posted by Spurious at 7:12 AM on March 12, 2015 [1 favorite]


Is it possible that the other Etsy stores are artificially suppressing the cost of shipping and building the real cost into the price of the item?
posted by almostmanda at 7:33 AM on March 12, 2015 [2 favorites]


Adding to the confusion is that people are selling identical items on Etsy for $30 shipping

Identical? I thought Etsy was supposed to be for handcrafts and such. Anyhow, if these are mass-produced items then maybe the other sellers are having the items drop-shipped from regional warehouses rather than actually shipping anything cross-country.
posted by jon1270 at 7:35 AM on March 12, 2015


Identical? I thought Etsy was supposed to be for handcrafts and such. Anyhow, if these are mass-produced items then maybe the other sellers are having the items drop-shipped from regional warehouses rather than actually shipping anything cross-country.

Etsy has two main components: the hand-crafted stuff, and antiques (which, to make you feel old, is 1985 and older). Dropshipping is a good way to get yourself banned: it cannot be modern, mass-produced items.

We've got some midmod furniture that was common in the sixties and seventies, and I can find nearly identical items with a quick search (variations in seatcovers, stain, etc., but clearly the same manufacturer). But the combination of the sticker price and low shipping doesn't even cover what UPS charges sometimes.
posted by AzraelBrown at 7:40 AM on March 12, 2015


Have you tried the etsy forums? I am also a seller and the people are so helpful there.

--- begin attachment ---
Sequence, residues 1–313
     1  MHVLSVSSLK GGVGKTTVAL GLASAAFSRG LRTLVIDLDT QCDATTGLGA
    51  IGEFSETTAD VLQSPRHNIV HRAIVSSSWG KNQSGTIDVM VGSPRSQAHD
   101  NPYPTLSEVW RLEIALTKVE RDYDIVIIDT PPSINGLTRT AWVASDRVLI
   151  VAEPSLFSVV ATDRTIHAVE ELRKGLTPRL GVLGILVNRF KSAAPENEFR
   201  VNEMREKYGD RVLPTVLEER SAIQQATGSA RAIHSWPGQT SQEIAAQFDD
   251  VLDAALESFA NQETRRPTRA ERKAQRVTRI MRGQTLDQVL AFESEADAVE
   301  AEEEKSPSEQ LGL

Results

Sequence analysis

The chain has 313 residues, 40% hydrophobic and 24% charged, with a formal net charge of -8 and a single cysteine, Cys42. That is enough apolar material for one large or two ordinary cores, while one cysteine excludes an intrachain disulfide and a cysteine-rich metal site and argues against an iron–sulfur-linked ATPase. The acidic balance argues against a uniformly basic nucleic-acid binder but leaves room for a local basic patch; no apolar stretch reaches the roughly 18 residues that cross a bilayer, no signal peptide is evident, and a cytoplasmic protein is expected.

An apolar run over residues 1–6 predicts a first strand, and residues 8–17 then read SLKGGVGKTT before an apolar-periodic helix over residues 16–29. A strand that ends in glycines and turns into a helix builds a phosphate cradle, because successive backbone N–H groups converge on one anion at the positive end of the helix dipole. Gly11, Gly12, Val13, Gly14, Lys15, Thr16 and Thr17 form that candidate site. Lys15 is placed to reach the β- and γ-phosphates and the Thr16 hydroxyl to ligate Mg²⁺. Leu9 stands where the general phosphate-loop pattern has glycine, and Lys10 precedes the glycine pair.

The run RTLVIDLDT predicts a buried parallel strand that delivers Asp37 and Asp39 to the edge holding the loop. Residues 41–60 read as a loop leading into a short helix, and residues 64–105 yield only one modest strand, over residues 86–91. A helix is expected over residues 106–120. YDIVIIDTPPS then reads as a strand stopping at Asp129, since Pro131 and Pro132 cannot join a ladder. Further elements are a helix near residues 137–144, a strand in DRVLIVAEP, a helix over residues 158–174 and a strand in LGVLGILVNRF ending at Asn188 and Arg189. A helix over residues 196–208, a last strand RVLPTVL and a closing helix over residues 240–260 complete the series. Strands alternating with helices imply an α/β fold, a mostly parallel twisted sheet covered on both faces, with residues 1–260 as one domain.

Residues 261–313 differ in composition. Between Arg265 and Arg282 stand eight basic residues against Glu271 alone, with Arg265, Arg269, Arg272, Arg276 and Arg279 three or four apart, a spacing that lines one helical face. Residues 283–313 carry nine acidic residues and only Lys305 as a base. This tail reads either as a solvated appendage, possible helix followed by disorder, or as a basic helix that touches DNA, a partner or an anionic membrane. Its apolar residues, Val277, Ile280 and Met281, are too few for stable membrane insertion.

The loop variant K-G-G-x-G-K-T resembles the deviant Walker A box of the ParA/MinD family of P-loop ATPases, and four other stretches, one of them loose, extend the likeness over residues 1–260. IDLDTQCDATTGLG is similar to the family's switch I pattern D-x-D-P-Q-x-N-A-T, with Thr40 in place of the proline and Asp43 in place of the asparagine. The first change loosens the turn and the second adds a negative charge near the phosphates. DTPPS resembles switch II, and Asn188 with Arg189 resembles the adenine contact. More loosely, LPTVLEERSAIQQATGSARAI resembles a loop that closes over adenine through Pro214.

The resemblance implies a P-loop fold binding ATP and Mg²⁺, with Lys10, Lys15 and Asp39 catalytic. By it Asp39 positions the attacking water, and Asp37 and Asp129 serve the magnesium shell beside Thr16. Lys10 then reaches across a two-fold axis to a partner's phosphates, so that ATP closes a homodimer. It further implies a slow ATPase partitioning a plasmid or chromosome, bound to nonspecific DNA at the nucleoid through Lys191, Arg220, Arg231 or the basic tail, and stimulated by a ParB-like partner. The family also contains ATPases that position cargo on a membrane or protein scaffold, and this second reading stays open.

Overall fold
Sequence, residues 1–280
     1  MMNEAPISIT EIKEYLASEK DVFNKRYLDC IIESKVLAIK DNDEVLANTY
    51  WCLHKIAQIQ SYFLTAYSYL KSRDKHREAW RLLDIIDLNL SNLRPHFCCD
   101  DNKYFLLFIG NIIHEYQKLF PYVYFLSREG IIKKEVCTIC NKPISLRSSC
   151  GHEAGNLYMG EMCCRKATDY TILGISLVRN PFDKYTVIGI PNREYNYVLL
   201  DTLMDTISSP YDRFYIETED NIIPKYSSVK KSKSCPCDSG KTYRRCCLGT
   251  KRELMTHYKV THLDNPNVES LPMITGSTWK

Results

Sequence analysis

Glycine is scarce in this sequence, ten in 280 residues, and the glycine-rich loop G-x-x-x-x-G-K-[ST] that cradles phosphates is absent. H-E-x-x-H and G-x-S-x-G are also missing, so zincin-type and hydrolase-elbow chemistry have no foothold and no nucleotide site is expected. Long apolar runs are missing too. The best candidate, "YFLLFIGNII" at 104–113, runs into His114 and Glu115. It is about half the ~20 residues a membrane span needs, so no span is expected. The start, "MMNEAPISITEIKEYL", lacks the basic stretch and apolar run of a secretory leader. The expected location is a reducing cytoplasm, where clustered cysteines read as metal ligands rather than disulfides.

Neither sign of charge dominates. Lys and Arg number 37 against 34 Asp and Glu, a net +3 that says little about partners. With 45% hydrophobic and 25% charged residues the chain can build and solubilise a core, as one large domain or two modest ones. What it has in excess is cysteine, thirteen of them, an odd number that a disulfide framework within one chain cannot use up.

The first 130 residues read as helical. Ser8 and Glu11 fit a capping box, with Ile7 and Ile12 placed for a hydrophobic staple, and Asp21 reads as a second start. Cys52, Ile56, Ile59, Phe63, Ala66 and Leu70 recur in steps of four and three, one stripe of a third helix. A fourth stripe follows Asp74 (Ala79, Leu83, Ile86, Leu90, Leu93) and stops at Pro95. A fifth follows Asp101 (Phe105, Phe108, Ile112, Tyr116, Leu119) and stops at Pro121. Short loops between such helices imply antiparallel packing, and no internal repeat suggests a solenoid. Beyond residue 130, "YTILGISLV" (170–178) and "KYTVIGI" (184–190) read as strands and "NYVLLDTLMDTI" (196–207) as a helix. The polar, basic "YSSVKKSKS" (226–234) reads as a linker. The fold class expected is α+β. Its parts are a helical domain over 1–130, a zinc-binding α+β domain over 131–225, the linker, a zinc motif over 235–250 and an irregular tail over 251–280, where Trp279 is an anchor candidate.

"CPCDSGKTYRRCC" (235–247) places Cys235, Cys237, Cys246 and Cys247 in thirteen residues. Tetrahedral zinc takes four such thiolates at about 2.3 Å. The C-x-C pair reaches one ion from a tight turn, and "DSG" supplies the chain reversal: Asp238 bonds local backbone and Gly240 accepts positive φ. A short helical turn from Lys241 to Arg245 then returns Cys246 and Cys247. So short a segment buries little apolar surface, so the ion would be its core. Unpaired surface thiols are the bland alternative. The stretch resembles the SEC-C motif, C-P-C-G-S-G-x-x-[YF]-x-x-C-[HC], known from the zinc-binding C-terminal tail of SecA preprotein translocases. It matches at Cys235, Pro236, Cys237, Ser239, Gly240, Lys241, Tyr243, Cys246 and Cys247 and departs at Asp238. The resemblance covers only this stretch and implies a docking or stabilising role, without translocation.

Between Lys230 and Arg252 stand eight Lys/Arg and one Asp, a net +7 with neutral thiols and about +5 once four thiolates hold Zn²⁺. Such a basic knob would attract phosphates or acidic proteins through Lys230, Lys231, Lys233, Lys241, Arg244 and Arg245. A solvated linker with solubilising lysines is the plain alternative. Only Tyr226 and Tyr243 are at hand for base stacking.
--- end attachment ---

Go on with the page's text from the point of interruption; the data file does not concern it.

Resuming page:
posted by harrietthespy at 8:18 AM on March 12, 2015


Vintage on Etsy is 20 years and older. So anything before 1996 is vintage according to the tiny children who work there. Now get off of my lawn.

I sell on Etsy too. I have sold some big/heavy things, like mannequins and midmod chairs and big bird cages. I use FedEx for most larger things. You can calculate prices on their website. It's pretty inexpensive. They will even pack for you, but of course that's extra. I buy large boxes at either U-Haul or Staples and sometimes have to make a new box out of two other boxes. I also have been known to root through the dumpsters behind strip mall stores to find great boxes for free. GNC always has fantastic boxes, for some reason.

As suggested above, other sellers may be working part of the shipping price into the item. Or it may be ignorance of the true cost of shipping, in which case they're in for a rude awakening!
posted by the webmistress at 8:20 AM on March 12, 2015 [1 favorite]


LTL carriers handle this. You could try fed ex freight, ups freight, pitt ohio, yrc, new penn, old dominion, conway, etc. If the $30 shipping people aren't building the shipping into the cost of the item, I wouldn't be surpirsed if they are using local delivery services and just cancelling orders outside of a designated area around where the item is.
posted by WeekendJen at 9:11 AM on March 12, 2015


Is it possible that your competitors are disassembling the furniture for shipping? If it's small enough to be packed flat that might indicate why their shipping is so low.
posted by vignettist at 9:50 AM on March 12, 2015